Island-hopping Coral Larvae in Hawaii
Large-scale poster describing USGS work.
Scientists from the USGS, the University of Hawaii (UH), and Maui tracked the movements of reef-building coral larvae near Maui, Hawaii. We built and used “drifters”—floating instruments with radios and GPS receivers that drift in the currents with the coral larvae. We released the drifters when the corals released their larvae on four summer evenings in 2003, and tracked the drifters for 24 hours after each release.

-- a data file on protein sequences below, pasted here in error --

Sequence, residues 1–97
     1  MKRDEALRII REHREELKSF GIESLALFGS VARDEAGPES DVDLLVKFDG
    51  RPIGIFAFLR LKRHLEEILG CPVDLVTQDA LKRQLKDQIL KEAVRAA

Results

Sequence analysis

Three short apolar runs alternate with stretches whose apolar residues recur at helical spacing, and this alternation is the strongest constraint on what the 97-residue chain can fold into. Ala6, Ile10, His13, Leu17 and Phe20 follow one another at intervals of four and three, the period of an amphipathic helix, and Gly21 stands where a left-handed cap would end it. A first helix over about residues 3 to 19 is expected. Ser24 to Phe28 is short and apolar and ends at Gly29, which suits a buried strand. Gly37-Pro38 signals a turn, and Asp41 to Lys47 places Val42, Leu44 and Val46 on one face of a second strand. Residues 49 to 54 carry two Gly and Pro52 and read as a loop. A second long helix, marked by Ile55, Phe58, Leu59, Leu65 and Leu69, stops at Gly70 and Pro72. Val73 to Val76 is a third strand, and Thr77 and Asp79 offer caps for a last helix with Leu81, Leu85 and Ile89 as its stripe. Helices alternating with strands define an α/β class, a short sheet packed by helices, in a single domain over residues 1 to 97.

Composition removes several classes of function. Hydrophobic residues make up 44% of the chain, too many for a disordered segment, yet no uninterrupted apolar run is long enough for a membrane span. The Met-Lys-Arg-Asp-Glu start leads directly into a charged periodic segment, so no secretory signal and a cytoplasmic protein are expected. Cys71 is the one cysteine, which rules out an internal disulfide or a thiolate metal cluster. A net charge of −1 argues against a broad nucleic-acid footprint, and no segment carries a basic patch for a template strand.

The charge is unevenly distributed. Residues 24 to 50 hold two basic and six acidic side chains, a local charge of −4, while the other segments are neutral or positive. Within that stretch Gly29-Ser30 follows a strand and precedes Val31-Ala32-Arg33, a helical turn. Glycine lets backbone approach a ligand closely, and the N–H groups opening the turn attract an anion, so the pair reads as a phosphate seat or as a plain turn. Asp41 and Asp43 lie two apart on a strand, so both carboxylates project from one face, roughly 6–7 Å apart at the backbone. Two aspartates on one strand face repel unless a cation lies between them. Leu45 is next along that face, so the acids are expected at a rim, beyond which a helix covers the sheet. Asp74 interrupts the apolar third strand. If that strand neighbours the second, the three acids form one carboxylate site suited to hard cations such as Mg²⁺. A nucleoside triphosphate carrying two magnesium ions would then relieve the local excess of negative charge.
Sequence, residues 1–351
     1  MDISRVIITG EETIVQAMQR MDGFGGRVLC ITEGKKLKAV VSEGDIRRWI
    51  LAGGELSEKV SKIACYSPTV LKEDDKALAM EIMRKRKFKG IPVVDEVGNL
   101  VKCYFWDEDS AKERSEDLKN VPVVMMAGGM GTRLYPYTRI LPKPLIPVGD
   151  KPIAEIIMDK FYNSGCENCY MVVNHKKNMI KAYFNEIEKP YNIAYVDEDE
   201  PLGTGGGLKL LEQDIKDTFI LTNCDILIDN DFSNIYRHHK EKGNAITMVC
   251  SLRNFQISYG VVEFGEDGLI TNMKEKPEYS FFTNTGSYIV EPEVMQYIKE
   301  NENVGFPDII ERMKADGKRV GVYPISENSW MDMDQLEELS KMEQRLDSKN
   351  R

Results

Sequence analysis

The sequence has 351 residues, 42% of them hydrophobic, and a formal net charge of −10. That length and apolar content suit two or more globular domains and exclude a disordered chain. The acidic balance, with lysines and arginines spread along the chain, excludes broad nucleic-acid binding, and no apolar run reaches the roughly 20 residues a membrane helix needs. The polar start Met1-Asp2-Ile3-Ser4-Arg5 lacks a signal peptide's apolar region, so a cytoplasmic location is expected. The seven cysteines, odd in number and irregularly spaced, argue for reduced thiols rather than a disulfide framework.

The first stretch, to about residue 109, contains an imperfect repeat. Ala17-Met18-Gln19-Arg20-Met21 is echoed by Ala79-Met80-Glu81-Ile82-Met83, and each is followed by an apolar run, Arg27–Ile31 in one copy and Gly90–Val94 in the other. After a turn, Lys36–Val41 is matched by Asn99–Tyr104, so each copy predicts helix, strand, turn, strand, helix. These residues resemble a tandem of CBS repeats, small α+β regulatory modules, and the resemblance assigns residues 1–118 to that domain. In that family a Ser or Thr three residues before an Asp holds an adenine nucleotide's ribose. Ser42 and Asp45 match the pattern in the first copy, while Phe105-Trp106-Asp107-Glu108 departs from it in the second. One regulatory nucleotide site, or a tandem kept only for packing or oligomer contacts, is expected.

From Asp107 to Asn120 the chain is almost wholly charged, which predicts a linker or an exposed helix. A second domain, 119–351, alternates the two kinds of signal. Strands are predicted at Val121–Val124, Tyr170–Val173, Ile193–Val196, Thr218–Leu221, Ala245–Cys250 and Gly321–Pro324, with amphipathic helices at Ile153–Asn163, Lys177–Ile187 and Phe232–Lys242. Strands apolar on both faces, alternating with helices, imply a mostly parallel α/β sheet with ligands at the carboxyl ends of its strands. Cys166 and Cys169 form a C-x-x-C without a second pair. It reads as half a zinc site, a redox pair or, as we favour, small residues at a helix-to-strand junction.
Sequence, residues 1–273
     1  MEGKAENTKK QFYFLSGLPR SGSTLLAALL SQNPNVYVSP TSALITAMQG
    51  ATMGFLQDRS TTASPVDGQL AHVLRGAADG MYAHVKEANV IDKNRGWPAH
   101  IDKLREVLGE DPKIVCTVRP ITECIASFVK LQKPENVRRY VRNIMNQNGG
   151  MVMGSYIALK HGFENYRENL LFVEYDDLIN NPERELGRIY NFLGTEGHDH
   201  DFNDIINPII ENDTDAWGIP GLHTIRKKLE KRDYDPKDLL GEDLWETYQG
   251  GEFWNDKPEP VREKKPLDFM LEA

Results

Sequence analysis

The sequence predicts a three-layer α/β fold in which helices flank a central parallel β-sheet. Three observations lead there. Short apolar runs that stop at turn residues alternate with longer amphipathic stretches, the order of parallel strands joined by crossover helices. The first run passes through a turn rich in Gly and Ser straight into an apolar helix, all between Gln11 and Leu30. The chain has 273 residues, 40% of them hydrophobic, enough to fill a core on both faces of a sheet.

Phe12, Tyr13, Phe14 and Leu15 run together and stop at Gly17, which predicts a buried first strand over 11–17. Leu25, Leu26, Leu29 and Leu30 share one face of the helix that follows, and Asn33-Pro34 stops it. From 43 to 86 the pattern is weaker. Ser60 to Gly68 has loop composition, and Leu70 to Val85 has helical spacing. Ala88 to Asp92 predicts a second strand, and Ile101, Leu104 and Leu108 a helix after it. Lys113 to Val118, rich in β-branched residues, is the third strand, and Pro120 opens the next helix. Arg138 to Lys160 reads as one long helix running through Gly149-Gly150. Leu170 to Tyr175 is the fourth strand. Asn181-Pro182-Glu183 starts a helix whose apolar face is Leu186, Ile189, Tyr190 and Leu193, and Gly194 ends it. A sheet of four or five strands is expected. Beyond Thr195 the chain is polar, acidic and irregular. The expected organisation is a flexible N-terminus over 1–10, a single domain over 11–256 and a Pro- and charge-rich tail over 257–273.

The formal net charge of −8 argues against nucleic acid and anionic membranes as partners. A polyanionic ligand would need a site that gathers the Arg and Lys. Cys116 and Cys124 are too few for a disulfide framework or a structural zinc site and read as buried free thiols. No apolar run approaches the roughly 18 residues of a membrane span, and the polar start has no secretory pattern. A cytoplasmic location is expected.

The drifters floated from Maui to Lanai in less than 20 hours—farther and faster than anyone expected. Prior to this experiment, most scientists thought that coral larvae stayed close to each island.
Coral larvae drifting from island to island could start new reefs, and might revive dying reefs. However, pollution, mud, and other problems might drift from island to island, too. Using this knowledge, resource managers can help protect the health of coral reefs.